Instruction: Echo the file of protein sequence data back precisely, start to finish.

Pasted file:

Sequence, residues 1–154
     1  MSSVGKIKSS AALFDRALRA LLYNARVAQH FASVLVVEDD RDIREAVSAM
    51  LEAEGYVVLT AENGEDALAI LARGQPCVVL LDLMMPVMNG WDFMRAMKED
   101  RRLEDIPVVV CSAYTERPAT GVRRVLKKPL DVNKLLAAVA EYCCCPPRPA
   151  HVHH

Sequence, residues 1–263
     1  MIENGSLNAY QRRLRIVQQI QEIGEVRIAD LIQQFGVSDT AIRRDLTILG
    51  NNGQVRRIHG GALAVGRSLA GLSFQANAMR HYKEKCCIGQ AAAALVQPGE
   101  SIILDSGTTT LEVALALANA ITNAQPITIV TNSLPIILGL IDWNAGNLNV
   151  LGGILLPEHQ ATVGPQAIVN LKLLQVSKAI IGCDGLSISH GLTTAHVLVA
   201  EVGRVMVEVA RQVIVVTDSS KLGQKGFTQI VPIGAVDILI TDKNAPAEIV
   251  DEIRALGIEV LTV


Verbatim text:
Sequence, residues 1–154
     1  MSSVGKIKSS AALFDRALRA LLYNARVAQH FASVLVVEDD RDIREAVSAM
    51  LEAEGYVVLT AENGEDALAI LARGQPCVVL LDLMMPVMNG WDFMRAMKED
   101  RRLEDIPVVV CSAYTERPAT GVRRVLKKPL DVNKLLAAVA EYCCCPPRPA
   151  HVHH

Sequence, residues 1–263
     1  MIENGSLNAY QRRLRIVQQI QEIGEVRIAD LIQQFGVSDT AIRRDLTILG
    51  NNGQVRRIHG GALAVGRSLA GLSFQANAMR HYKEKCCIGQ AAAALVQPGE
   101  SIILDSGTTT LEVALALANA ITNAQPITIV TNSLPIILGL IDWNAGNLNV
   151  LGGILLPEHQ ATVGPQAIVN LKLLQVSKAI IGCDGLSISH GLTTAHVLVA
   201  EVGRVMVEVA RQVIVVTDSS KLGQKGFTQI VPIGAVDILI TDKNAPAEIV
   251  DEIRALGIEV LTV